As part of our 21st Century Warfare vision, we’re leveraging emerging technologies to continue to grow in the all-domain environment, everything from electromagnetic spectrum defensive tools, battlespace awareness, command and control across spectrum, to long-range effectors and sensors.
As we look ahead, there will be sustained requirements for systems to be able to conduct multiple missions while delivering a variety of effects in partnership with our allies.
Where are you in terms of MFEW Air Large?
We are excited about the program. MFEW-AL is not only the Army’s longest-range effector but also the first Army program of record to conform to the DoD C5ISR/EW Modular Open Suite of Standards (CMOSS) and Sensor Open System Architecture (SOSA) standards. Earlier this year, MFEW-AL performed extremely well during the US Army’s Experimental Demonstration Gateway Exercise (EDGE) 21 events, important in validating performance and capability.
Currently, we are continuing to progress with the RDT&E phase of the program. Continued RDT&E funding was in the President’s Budget Request for FY 22. We look forward to receiving that funding to continue our demonstrations validating the long-range sensing, Electronic Warfare Support (ES) & Electronic Attack (EA) capabilities of this one-of-a-kind capability. Specifically, we are working towards two major capstone events in the first half of next year. These events will validate the performance of the MFEW-AL phase two systems against operational requirements.
Near term, the team is preparing to support flight experiments this fall during the upcoming Project Convergence 21 and Position, Navigation, and Timing Assessment Exercise (PNTAX) events. Our objective for each is to show how the MFEW-AL systems can support critical U.S. Army missions in operational, tactical environments.
What are some of the major trends and themes you’ve noticed within the last two years as it applies to cyberspace and electromagnetic spectrum convergence?
There have been several developments and trends in the electromagnetic spectrum domain over recent years, including technology advancement enabling size, weight and power – cooling (SWAP-C) reduction as well as artificial intelligence (AI) and machine learning (ML), market shifts and growing demand for CEW capabilities to support joint, all-domain warfighting.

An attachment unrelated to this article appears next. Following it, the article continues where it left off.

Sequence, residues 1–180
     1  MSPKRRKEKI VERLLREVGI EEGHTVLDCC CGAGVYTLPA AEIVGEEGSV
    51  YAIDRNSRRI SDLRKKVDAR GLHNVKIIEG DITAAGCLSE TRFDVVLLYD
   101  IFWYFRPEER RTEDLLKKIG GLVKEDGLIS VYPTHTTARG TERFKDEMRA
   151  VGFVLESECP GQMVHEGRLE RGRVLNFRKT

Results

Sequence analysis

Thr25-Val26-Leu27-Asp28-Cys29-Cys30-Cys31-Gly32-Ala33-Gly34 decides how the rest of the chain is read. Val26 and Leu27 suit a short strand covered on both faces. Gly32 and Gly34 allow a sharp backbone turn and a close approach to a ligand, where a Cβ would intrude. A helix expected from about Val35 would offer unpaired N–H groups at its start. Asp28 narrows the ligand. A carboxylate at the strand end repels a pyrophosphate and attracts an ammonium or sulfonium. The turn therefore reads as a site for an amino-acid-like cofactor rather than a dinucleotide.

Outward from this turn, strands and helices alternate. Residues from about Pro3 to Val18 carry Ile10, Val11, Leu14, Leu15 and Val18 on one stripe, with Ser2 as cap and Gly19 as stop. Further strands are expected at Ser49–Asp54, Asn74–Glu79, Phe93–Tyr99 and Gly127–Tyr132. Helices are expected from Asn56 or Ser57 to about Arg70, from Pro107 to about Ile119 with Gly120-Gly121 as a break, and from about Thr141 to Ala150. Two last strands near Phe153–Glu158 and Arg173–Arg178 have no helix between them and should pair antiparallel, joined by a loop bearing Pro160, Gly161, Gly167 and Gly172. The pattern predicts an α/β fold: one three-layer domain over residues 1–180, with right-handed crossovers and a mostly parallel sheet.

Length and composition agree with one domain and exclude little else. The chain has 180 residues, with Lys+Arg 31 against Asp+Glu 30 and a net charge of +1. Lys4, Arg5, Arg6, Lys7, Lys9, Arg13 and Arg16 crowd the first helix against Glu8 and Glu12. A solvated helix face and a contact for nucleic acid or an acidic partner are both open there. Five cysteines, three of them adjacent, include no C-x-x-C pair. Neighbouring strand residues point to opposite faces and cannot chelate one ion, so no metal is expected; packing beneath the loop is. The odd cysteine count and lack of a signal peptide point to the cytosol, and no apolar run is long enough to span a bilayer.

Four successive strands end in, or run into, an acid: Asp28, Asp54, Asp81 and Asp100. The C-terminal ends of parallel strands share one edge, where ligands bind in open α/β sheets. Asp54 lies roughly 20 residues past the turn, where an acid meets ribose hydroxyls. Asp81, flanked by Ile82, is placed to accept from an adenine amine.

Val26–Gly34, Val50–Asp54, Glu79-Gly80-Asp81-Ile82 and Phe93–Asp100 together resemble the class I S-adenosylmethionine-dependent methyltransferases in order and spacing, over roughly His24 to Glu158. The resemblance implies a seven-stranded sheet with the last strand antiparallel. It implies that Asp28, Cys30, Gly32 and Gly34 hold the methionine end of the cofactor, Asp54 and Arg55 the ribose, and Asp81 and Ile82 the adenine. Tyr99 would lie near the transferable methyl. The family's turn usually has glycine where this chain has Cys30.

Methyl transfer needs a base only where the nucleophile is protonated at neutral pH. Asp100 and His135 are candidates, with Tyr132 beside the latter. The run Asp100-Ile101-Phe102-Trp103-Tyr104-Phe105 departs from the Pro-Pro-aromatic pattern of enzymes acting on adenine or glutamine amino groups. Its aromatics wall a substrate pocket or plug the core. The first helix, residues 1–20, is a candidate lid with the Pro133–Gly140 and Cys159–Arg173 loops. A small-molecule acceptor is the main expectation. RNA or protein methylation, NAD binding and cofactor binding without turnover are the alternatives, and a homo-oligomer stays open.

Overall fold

There is the continual need to reduce the SWAP-C of RF electronics and the desire to enable as much capability as possible in a smaller footprint. Technology is now available to support those SWAP-C reductions and deliver increased performance at a lower cost.
Another major trend would be the increased use of AI/ML capabilities to enable “Cognitive Electronics Warfare” where systems can process vast amounts of data to assist operators in increasingly complex and congested electromagnetic battlefields.
Lastly, there is the concept of an Open Systems Architecture—ensuring we are building systems that are avoiding vendor lock and enabling fewer and fewer proprietary systems. This is an area where Spectrum Convergence is leading the way with systems like MFEW, AOEW, BLQ-10 and SEWIP being compliant with SOSA and CMOSS open system standards. This is key for enabling fast CEW technique development and deployment; interoperability of hardware and software across airborne and ground platforms; prompt insertion of new hardware technology; and significant reduction of total ownership costs. Ultimately this results in systems able to rapidly adapt to a continuously evolving threat that optimizes support for warfighters.
Mark Pomerleau is a reporter for C4ISRNET, covering information warfare and cyberspace.